Case of the Month August, 2010, Page 3

Answer

  • Aneurysmal Bone Cyst

Findings

  • CT demonstrates large, lytic lesion centered at L2 with areas of cortical thinning and breakthrough.¬†Internal patchy hyperdensities representing fluid-fluid levels and hemorrhage
  • MRI exam confirms multiple fluid-fluid levels most notable on T2 weighted sequences as well as involvement of the pedicle and vertebral body best appreciated on the axial cut

Differential Diagnosis

  • Unicameral Bone Cyst
  • Aneurysmal Bone Cyst (ABC)
  • Mets
  • Telangiectatic Osteosarcoma

Diagnosis

  • Aneurysmal Bone Cyst (ABC)

Aneurysmal Bone Cyst

  • Benign lesion characterized by cyst-like walls of fibrous tissue filled with blood
  • Can be easily mistaken for malignant neoplasm (pathologically and radiographically)
  • Represents neither cyst nor neoplasm
  • Represents reparative process triggered by tumor or trauma induced vascular process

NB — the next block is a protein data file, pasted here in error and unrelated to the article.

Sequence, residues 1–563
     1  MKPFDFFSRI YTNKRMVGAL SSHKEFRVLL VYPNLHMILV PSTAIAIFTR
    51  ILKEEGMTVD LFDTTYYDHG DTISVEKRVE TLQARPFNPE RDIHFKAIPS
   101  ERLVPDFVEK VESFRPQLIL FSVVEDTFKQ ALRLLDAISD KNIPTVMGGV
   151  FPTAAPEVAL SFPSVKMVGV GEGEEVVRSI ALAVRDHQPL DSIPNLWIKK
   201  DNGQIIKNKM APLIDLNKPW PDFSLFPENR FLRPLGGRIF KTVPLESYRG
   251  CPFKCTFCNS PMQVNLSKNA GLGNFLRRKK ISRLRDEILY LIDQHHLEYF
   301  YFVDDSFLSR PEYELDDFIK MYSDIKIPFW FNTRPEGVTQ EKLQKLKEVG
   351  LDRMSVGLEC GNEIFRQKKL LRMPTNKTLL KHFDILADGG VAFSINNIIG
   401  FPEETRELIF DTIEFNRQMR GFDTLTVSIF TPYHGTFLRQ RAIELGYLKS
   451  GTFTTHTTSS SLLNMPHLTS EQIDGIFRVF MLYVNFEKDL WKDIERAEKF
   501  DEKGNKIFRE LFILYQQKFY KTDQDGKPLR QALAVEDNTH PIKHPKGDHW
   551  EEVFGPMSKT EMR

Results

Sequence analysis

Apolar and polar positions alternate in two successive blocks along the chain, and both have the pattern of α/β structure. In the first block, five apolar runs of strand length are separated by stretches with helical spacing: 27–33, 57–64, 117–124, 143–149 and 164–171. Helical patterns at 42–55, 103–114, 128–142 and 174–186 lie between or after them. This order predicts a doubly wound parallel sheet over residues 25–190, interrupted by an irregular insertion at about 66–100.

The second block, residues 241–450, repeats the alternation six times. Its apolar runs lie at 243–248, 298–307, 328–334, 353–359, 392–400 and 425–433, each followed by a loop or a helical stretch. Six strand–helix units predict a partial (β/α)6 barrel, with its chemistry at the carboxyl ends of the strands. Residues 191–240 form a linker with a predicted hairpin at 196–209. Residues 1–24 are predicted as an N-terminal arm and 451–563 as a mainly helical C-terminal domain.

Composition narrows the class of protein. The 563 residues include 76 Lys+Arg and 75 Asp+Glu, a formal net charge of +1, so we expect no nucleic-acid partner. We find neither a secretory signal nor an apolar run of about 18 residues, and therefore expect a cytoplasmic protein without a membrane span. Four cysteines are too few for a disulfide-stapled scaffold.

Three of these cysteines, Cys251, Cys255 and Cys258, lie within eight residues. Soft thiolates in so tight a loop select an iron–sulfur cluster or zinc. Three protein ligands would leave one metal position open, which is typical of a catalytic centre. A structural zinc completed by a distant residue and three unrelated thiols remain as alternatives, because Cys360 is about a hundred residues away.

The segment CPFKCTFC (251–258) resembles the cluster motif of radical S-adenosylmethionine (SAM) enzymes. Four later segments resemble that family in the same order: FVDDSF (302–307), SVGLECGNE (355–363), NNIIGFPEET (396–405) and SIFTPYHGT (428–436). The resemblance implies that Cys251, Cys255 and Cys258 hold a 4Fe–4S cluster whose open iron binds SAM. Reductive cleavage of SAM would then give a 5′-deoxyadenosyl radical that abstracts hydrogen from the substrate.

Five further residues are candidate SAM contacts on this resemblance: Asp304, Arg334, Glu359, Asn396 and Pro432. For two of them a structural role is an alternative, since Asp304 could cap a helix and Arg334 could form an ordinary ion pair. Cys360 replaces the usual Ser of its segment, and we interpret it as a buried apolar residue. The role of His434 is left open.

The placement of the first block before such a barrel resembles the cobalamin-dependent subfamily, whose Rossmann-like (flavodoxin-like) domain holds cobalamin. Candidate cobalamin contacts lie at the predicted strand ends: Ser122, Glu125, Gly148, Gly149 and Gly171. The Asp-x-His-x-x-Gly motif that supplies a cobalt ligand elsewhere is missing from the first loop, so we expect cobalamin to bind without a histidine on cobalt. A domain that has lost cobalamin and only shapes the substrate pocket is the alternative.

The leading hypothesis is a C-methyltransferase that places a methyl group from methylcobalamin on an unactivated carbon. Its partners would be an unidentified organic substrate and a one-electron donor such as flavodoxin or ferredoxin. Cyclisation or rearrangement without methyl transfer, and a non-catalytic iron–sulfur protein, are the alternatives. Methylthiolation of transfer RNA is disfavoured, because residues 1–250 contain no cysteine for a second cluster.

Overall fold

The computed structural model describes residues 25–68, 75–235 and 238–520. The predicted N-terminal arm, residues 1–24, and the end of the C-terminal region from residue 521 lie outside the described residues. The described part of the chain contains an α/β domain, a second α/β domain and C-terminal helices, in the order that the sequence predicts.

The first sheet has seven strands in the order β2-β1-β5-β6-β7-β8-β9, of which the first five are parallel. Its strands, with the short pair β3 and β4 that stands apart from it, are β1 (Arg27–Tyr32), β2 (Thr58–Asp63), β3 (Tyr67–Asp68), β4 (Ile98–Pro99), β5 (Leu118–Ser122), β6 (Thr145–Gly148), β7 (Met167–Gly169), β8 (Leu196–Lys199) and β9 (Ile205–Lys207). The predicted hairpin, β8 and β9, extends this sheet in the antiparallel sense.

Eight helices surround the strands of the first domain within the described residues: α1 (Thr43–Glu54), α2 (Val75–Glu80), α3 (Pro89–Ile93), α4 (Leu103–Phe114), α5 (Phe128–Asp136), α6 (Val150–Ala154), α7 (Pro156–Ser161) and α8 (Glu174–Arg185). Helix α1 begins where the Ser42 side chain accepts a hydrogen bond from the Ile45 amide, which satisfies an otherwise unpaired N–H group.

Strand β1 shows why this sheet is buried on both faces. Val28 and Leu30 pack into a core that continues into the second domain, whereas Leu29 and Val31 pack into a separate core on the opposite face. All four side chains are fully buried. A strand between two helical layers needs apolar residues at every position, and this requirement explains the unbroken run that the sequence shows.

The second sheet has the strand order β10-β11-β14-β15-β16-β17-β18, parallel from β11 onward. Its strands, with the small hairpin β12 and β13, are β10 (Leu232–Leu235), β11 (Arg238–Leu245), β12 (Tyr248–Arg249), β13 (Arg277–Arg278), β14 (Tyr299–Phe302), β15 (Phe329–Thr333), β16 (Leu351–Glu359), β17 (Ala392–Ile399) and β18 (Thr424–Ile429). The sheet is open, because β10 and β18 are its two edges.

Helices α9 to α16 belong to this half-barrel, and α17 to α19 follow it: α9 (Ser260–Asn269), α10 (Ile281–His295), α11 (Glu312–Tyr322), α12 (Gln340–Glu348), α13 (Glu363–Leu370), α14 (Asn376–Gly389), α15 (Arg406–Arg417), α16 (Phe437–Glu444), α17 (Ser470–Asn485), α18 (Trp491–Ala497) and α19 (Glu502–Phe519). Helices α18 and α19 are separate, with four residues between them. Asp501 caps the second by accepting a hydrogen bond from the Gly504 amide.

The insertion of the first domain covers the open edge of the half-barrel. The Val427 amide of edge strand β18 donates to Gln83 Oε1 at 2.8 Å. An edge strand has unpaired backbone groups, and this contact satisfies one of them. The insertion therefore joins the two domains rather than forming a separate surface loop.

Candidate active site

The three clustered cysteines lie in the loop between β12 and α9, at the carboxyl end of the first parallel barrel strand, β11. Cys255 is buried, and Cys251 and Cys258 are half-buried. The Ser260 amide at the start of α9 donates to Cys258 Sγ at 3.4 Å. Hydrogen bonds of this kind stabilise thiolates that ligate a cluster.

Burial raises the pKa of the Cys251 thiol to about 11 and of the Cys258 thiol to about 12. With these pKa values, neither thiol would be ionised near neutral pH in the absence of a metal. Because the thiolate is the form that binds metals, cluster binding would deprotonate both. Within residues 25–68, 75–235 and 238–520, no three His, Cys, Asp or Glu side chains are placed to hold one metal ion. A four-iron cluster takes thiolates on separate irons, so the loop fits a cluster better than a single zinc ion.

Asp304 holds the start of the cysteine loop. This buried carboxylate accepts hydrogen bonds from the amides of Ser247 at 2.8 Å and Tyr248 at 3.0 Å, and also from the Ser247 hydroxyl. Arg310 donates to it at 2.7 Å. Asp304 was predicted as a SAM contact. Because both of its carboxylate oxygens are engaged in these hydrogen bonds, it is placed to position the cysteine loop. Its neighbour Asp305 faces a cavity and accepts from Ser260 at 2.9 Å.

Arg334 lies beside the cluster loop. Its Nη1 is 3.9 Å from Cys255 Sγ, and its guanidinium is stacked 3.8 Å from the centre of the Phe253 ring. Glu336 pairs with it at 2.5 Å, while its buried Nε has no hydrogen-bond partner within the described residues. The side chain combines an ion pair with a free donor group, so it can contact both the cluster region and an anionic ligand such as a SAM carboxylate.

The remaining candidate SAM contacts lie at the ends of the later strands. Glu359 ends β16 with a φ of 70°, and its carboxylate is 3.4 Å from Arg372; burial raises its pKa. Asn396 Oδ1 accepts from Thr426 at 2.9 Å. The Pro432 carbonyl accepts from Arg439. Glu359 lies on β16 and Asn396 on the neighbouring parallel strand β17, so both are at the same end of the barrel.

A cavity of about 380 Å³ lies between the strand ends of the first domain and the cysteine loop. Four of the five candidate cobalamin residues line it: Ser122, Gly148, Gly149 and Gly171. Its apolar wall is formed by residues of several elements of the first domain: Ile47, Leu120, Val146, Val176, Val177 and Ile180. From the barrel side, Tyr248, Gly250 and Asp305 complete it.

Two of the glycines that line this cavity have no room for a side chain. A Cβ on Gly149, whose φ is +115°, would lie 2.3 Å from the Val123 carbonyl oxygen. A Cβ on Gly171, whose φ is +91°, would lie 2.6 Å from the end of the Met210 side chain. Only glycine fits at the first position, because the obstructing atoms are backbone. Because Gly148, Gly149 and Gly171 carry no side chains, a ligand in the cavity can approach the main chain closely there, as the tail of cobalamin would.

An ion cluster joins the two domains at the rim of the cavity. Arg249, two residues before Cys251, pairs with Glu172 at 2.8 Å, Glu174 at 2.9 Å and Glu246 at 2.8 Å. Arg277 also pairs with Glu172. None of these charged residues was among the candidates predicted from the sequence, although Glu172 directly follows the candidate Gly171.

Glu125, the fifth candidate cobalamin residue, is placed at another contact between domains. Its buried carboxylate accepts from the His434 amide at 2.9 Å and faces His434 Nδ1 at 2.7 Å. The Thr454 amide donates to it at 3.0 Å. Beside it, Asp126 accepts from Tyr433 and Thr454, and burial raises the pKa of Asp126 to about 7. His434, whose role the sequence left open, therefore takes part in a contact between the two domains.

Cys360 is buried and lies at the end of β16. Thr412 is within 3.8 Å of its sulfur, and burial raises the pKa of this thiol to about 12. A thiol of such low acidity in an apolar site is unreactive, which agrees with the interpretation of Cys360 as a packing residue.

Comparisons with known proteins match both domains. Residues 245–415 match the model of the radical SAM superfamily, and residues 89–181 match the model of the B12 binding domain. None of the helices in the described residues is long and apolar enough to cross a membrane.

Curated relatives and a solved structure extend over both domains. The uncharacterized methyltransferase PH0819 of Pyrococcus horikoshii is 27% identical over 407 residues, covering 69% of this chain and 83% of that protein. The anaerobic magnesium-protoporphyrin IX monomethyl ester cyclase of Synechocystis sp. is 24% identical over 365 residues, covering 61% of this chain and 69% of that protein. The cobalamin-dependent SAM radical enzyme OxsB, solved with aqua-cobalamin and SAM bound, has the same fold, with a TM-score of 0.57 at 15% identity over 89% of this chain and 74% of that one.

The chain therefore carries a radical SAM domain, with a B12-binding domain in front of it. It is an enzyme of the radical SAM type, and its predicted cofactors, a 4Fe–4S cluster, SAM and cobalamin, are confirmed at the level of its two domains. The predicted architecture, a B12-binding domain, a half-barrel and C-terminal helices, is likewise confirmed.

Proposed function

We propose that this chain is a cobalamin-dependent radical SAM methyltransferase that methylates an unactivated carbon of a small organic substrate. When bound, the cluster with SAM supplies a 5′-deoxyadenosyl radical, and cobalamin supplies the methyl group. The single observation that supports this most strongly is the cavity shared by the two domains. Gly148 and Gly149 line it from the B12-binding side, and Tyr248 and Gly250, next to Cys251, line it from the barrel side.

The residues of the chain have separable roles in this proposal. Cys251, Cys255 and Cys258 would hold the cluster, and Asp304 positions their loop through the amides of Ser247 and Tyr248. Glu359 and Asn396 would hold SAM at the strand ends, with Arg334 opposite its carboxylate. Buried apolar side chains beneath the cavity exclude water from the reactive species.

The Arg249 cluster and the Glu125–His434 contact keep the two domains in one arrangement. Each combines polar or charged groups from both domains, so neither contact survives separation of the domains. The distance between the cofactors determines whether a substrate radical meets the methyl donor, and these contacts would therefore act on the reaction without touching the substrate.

• Primary ABC
    • Arises de-novo in bone without recognizable pre-existing lesion
    • Can be caused by trauma
  • Secondary ABC
    • Arises in preexisting lesion (benign or malignant neoplasm)
    • Benign tumors: Giant cell tumor, osteoblastoma, chondroblastomas, fibrous dysplasia
    • Malignant tumors: Osteosarcoma, chondrosarcoma, malignant fibrous histiocytoma (MFH)
  • Epidemiology: 6% of primary bone lesions
  • Most common signs/symptoms: Progressive pain and swelling
  • Clinical profile
    • Rapid increase of pain over 6-12 weeks
    • Spinal lesions may cause cord compression (radiculopathy, quadriplegia), nerve root impingement
    • Scoliosis: 10%
    • Pathologic fracture: 20%
    • Limited range of motion if close to joint
    • History of trauma

 

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